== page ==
noah learns to ride a bike

Disclaimer: This footage is not doctored. There was no digital retouching done to take out training wheels.

5 Minutes. That’s all it took. Don’t believe me? Here’s an extended” grandma” edition that’s 10 minutes long. I push him maybe 3 or four times, and then he’s off on his own.

I had read in the past that there’s no statistical evidence that push bikes get kids riding real bikes sooner, but I call BS. Noah has been riding his for just over a year, and he took to the pedal bike like a fish to water. Seriously, in the extended video, I shot video for the entire “lesson.”

And he’s already a pro. He rides now like he’s been doing it forever. On occasion he’ll get flustered because he tries to start out by pushing the pedal backwards, and the brake stop him, but other than that, he just hops on and goes.

Later in the afternoon we went to a park so he could ride some more, and the combination of heat, hills, and time of day got the best of him.

He had lost it. His mind was trying to hold two opposing thoughts at once. At one point he said he wanted to go home and take a nap, then the next that he wanted to keep riding. Then he asked for a blanket and his “bobby” so he could just nap on the bench there. I told him we could go home, and he responded with “But I wanna ride my bike! I don’t like it anymore. My legs hurt! I don’t want to nap!” Just a stream of nonsensical consciousness that would have put Alanis Morrisette to shame.

Today he got some time to ride around in our driveway, but that’s hard since it’s basically just a hill. I’m counting down the days until Desi’s 1 Year birthday so Tree will let me get him in the kid’s bike seat and the whole family can finally go for a bike ride again.

She wonders why I don’t want to have another kid…it’s cause I don’t want to take another 18 month hiatus from family bike rides.


It would appear I have some apologizing to do.

In the past I made some disparaging remarks about Florida Mountain Bikers and their silly attempts ate mountain biking in a state as flat as a pancake. (Maybe not here, as I cant find any posts on it.) As it turns out, you only need a few feet of elevation to have quite a bit of fun. Also where speed is difficult, more technical, narrow trials can add challenge.

Last night my cousin-in-law Chris gave me a tour around the Balm Boyette Trail system in CITY Florida. It was a decent drive down those never ending rural Florida roads that all look the same,leading to a nature preserve that the local mountain biking group has gone to great lengths making into a very fine trail system. This nature preserve is closed off to all vehicles, so once you’ve parked your car it’s nothing bikes for miles. The first of many trailheads is a nice two mile ride down some sandy fire roads. I made a comment to Chris about how that probably helps keep out the kind of people who don’t know good trail etiquette. The ride in acted as a good warm up, something I’ve never had much discipline to do. From there, the trail system is a series of short runs that all seem to end at the beginning of another. It’s a very nice flow. Sometimes you get a nice little half mile or so ride between trails, which is great to catch your breath and take a few sips of water.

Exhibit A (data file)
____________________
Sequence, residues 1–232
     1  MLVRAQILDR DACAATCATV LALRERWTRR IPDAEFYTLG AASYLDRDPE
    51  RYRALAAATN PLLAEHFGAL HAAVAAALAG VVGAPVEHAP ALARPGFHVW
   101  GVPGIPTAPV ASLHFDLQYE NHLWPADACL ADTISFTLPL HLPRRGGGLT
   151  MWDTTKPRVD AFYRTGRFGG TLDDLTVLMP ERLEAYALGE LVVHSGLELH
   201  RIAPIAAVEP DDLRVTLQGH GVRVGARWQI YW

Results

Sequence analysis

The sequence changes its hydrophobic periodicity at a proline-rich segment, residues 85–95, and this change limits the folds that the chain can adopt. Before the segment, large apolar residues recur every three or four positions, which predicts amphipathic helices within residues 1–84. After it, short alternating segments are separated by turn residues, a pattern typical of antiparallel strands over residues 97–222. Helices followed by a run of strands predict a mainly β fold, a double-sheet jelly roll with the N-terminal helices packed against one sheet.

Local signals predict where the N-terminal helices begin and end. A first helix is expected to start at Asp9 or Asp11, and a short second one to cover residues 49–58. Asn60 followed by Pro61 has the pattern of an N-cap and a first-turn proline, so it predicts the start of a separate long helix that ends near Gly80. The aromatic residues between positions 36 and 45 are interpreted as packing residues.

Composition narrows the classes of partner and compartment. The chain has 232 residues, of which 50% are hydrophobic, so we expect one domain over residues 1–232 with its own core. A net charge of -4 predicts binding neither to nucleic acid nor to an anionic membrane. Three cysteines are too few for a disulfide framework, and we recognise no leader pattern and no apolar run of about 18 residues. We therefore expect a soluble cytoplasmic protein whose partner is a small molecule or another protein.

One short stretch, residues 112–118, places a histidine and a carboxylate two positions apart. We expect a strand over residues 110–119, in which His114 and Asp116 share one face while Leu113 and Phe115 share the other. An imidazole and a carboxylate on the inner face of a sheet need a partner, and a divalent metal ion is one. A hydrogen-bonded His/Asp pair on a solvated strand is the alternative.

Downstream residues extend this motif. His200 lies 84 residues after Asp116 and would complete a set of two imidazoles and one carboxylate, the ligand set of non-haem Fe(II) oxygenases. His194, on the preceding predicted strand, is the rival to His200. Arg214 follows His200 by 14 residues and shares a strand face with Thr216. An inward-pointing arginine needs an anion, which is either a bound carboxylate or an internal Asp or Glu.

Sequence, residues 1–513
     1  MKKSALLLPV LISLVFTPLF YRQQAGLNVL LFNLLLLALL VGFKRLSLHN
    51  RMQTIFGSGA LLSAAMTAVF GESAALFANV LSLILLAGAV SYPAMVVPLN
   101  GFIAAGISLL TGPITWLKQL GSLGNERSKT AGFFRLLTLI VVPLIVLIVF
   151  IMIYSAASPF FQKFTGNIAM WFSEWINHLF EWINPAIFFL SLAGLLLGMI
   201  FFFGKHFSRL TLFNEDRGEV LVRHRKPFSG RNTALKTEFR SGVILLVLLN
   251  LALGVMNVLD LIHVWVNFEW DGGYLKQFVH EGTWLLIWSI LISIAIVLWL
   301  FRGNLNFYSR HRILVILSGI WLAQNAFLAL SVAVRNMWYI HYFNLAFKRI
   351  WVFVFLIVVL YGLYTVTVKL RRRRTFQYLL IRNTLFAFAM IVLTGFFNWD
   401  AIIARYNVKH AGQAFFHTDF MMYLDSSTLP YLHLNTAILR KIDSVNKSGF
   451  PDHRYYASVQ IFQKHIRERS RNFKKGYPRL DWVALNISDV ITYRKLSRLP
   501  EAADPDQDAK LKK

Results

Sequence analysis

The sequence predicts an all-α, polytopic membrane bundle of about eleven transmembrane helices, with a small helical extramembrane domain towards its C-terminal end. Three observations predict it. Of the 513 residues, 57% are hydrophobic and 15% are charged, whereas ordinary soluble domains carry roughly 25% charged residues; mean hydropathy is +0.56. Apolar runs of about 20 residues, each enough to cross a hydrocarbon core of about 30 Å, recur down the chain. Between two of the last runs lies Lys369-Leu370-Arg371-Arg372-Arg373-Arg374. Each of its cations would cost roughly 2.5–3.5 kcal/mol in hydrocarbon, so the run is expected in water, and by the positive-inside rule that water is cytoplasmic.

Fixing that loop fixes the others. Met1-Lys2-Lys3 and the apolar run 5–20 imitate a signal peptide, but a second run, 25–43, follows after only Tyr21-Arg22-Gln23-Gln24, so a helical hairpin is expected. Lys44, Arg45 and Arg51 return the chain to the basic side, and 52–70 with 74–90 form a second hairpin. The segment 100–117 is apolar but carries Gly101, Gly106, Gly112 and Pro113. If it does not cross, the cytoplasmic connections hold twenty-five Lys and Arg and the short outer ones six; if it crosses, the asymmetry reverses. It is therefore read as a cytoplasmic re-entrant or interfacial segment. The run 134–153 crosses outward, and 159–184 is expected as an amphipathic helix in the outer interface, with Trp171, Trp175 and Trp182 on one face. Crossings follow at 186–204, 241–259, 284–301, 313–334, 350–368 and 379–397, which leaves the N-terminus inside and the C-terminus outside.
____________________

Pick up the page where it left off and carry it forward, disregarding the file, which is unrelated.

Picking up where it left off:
There were a few trails that consisted almost entirely of short, steep drops mirrored by short climbs on the other side. It doesn’t sound to exciting, but those were easily some of the largest and steepest drops I’ve ever ridden. This is why I have to recant the whole “no hills in Florida = lame riding’ thing.

My favorite spot though was when we rode out on one of the fire roads and I got to see something you don’t get to see often in Florida: a landscape. The sun was setting, and the fire road ran across the top of a ridge that looked over a modest rolling field. It wasn’t anything to make a painting out of but I can honestly say it’s the prettiest I’ve ever seen Florida wilderness look. Then we turned around and hit a very short trail that had two killer jumps on it.

I should also mention that this is the first time Ive ridden a full suspension mountain bike. I must say the sensation is something kin to riding a water bed. You float over bumps and debris like they’re barely even there. It gave me the confidence to try some crazy steep drops, and to hit those couple of jumps with the speed and height I really wanted to. Landing made me feel like a kid on a hotel bed. Downside, sprinting was pointless. I’d stand up to give some good hard pushes on the pedals and the bike would just sink down barely accelerating. That definitely took some getting used to. I will say that anyone who rides full suspension and complains about riding without a chamois is a wuss.

Al in all it was a great time, and Chris was an excellent trail guide. I had a ball, tried some new things, and learned a lot.